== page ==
Andrew Kusmin discusses one of his award-winning paintings featuring a red tricycle.
By Laura Drinan
Hometown Weekly Reporter
It may seem risky for a dentist to trade in his three decades of work in the field for a painting career, but that is exactly what award-winning watercolor artist Andrew Kusmin did. At his presentation at the Walpole Public Library on May 2, Kusmin affirmed to the audience that painting is what he is meant to do.
Kusmin told the audience that artists must make a statement and that it is crucial for artists to produce an atmosphere or story with their painting. With dozens of paintings and prints of works he has done on display for the audience, Kusmin discussed his motivation to begin painting and told some of the stories that accompany his pieces. He also brought his recently published book, “Palette of Dreams,” with him to speak about.
“It was written with the idea of talking to people who might appreciate art and wonder what goes on in an artist’s head,” he said of his book. “I can only tell you for sure about one artist, but I have taught for a long time now – I’ve been teaching for 27 years – and I find that more people who are artists, want to talk beyond their work.”
Kusmin did talk beyond his work, mentioning the many artists he admired and worked under, giving his thoughts on why judges choose the paintings they do to award, and speaking briefly about his family and career in dentistry.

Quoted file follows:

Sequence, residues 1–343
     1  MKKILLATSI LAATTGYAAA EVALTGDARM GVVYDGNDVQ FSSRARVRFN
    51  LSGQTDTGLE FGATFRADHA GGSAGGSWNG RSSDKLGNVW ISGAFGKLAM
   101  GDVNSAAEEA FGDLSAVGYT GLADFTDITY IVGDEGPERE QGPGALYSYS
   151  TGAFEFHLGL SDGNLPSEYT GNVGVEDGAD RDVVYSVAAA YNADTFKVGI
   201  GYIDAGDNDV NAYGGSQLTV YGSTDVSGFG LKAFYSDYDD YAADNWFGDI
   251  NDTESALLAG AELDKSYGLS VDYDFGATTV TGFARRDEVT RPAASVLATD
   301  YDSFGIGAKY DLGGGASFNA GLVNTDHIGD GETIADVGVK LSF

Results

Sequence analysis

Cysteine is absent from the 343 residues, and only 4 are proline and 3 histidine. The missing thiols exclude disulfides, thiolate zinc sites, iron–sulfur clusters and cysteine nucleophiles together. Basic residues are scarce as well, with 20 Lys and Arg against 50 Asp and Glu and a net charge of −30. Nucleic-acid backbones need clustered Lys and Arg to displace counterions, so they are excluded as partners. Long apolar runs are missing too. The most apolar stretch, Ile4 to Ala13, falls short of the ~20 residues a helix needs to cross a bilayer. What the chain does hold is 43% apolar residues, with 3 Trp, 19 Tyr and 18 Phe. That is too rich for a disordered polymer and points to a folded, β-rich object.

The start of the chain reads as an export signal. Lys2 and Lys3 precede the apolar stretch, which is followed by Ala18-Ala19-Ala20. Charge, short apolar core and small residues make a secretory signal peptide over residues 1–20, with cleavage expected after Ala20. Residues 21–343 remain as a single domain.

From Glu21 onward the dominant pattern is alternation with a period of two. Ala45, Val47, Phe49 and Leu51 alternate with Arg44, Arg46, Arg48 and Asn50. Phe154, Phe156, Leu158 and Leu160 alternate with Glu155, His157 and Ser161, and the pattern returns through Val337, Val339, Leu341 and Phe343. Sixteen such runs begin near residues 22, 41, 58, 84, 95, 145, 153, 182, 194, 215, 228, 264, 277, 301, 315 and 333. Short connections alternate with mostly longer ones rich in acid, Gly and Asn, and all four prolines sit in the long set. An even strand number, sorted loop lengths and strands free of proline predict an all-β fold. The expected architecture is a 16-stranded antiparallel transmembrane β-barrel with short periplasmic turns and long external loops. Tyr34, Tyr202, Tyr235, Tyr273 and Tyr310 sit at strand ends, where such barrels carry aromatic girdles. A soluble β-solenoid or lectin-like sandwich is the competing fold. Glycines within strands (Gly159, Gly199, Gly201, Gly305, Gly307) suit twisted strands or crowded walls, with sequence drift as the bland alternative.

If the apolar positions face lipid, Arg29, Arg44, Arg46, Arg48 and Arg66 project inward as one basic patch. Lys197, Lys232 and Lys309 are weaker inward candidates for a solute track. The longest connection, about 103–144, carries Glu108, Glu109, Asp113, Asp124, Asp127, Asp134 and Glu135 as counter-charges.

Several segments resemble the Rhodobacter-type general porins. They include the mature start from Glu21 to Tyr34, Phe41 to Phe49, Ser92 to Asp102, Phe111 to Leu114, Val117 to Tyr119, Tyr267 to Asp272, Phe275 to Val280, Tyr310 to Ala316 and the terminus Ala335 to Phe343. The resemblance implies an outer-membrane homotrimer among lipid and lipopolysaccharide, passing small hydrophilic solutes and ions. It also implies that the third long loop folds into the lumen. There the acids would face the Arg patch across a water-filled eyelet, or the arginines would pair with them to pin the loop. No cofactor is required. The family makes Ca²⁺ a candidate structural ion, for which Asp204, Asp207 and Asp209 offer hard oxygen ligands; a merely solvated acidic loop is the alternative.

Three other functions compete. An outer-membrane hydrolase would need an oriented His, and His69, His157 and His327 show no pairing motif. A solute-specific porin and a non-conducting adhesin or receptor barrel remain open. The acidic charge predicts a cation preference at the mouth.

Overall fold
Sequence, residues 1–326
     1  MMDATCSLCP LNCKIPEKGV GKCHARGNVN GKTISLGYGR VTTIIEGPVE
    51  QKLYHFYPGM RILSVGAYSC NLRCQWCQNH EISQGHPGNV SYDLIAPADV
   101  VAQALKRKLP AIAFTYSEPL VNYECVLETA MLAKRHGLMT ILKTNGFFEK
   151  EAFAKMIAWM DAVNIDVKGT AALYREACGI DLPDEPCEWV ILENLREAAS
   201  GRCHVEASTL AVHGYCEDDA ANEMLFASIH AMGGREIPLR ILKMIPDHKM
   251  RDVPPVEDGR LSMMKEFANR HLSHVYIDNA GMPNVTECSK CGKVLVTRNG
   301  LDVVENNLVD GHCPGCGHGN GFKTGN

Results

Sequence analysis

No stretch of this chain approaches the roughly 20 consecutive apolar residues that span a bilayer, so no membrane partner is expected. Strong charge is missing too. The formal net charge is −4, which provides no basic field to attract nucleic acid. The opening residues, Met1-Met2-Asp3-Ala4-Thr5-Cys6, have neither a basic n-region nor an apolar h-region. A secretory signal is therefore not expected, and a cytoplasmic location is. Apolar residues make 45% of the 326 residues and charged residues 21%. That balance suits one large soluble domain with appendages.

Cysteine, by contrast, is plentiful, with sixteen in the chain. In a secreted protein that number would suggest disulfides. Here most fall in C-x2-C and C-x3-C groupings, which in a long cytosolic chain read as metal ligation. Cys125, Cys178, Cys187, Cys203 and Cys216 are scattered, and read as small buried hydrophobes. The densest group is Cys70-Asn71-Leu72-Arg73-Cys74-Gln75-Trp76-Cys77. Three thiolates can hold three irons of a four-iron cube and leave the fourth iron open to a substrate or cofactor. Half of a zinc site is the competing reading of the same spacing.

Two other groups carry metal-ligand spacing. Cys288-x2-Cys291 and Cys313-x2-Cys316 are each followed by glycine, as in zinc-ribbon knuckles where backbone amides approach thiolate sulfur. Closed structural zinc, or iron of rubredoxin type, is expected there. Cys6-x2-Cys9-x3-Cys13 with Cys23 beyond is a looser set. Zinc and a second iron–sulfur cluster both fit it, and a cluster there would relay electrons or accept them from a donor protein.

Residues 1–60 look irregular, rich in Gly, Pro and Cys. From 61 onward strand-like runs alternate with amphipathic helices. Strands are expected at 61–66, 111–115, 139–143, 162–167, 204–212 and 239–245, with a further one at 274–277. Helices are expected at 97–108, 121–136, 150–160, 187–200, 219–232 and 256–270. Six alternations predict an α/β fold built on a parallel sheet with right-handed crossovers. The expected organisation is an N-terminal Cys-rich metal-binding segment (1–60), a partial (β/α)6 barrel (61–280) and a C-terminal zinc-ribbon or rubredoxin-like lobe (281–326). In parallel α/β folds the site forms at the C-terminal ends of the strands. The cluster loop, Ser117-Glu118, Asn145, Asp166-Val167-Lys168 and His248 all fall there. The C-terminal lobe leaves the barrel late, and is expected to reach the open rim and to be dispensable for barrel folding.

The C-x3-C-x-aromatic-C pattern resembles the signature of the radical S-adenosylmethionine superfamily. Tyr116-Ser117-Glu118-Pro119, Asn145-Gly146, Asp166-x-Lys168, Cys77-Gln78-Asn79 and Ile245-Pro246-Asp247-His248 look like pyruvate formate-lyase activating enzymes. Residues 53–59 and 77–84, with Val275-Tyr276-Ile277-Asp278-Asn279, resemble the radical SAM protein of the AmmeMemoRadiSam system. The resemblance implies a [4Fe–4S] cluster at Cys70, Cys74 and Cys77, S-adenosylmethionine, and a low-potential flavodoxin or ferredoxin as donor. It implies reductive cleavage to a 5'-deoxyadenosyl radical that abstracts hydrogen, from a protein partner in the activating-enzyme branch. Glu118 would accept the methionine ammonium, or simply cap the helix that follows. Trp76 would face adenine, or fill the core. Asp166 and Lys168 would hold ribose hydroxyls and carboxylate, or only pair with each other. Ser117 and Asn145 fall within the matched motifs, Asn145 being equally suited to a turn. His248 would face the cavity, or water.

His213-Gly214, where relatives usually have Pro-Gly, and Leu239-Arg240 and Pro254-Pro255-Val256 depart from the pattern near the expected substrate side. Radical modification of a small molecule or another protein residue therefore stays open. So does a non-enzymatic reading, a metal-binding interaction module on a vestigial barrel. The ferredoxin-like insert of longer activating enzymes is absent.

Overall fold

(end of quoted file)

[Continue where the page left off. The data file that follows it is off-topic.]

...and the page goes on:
The audience, many of them being artists themselves, was very curious about Kusmin’s watercolors, though.
He showed the audience a variety of his watercolor paintings, including one called “Birds and Buoys,” which features the exterior of a fisherman’s home, with colorful buoys hanging on the house’s cedar shingles. However, what Kusmin revealed he was truly interested in painting was the window and the knick-knacks behind the panes of glass.
After being told that one can only paint or draw something well after doing it a hundred times, Kusmin decided to take a different approach to his work.
“Instead of doing a hundred paintings, anything I liked, I put at least 25 in the paintings,” he said, holding up a painting of hundreds of paintbrushes in an art store.
He also showed the audience a painting of a rickety wooden roller coaster, which he titled “Cardiac Arrest.” Although he claims that it would be impossible for the coaster to stand because the beams he drew are not copied from any sort of picture, it wowed the audience anyway.
“The hardest thing in a painting is to know when the last stroke is done,” Kusmin said.
But as the audience viewed his paintings, they assured Kusmin that his work was absolutely perfect.